The sound of gunfire in the streets of Port-au-Prince is an almost daily occurrence these days. During this demonstration, police fired over the heads of protesters on New Years Day to disperse a crowd calling for the resignation of President Jean-Bertrand Aristide.

Violence and instability are growing in Haiti. Since last September, more than 40 people have died in clashes between supporters and opponents of Aristide.

Jean-Bertrand Aristide has dominated Haitian politics over the past decade and a half. Elected president in 1990, the firebrand priest and champion of Haiti's impoverished millions, was overthrown by Haiti's military less than a year later and forced to flee for his life. Returned to power by a U.S.-led invasion in 1994, Aristide is now in the middle of his second term as President. Aristide's Lavalas Party swept national elections in 2000 and he has few political rivals. But two years before his term is set to expire there are growing calls for him to resign and call early elections.

A coalition of students, business leaders and journalists has mobilized over the past year with the common goal of forcing Haiti's president to step aside. Andre Apaid, a leading Haitian industrialist, who heads the coalition known as Group 184, says Aristide and his supporters are trying to turn Haiti into a dictatorship.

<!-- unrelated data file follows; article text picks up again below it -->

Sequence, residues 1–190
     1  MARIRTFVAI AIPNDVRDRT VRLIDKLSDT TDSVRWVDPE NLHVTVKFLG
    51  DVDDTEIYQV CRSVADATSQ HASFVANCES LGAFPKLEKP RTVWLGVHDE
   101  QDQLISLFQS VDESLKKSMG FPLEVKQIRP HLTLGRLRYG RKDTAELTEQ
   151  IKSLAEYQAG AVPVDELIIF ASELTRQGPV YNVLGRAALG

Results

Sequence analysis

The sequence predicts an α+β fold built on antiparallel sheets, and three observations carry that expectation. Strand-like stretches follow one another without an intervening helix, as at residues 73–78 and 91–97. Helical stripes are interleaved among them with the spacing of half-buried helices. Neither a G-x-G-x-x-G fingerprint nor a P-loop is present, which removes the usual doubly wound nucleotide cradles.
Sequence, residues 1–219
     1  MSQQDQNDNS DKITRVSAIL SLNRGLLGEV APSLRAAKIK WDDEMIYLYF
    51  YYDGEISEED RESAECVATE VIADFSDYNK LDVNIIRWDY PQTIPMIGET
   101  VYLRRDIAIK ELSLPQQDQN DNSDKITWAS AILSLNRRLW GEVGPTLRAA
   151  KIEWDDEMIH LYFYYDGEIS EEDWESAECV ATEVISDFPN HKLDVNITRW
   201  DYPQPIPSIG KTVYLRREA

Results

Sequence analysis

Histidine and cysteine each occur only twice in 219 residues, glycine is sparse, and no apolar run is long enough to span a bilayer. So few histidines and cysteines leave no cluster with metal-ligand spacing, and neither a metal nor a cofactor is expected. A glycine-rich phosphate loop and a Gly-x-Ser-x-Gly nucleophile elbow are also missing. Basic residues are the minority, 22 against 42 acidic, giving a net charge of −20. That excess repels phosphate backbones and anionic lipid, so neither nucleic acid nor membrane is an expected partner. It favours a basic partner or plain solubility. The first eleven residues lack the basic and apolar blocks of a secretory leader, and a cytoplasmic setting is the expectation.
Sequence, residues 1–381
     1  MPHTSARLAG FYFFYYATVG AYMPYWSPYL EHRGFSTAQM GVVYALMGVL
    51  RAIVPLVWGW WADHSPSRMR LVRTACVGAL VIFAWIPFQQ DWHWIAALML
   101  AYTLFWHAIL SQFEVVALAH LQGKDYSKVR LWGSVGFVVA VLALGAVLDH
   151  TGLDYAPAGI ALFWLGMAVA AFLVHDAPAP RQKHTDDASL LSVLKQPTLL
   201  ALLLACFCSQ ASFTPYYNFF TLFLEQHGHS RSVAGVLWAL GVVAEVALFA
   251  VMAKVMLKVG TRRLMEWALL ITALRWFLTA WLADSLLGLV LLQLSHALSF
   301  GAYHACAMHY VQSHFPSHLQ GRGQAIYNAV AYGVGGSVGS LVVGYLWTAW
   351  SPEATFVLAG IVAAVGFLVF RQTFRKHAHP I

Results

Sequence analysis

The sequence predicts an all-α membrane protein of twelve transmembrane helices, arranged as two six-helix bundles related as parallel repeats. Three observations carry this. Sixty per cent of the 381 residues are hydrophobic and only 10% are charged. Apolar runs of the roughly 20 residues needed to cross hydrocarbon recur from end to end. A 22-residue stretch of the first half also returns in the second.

"You are not talking about a matter of a simple political difference," he said. "You are talking about the disturbing element of denying us fundamental rights and political liberties. When you obtain that level you are not talking about simple political differences anymore. In spite of trying to change it in a progressive way we have found it literally impossible."

Haiti's current political impasse dates to the 2000 elections, which Aristide won, but which international observers called flawed. The Organization of American States called on Haiti's electoral council to recalculate the vote in some Senate seats, which the government refused to do, and which led to an opposition boycott of the legislature. 

Opposition to Aristide has grown dramatically with opponents saying his supporters have recruited 

criminal gangs to attack opponents, and have usedgovernment agencies to harass those who do not support him.  Opponents also say the Aristide government has done little to alleviate Haiti's extreme poverty.

Government officials like Leslie Voltaire, a member of Aristide's cabinet responsible for Haitians living overseas, dispute the charges, saying Aristide is no dictator and that his opponents have nothing to fear from the government.

"I do not think they should be afraid of my government because a lot of people in the opposition were in exile under the Duvalier dictatorship, and they could not speak," he said. "Now you see all the media is talking about what they want to and there is no censorship or censorship on marching, except when you march and you are not given a permit to march, which is given in every democracy. I do not think they should be afraid, this is not a dictatorship."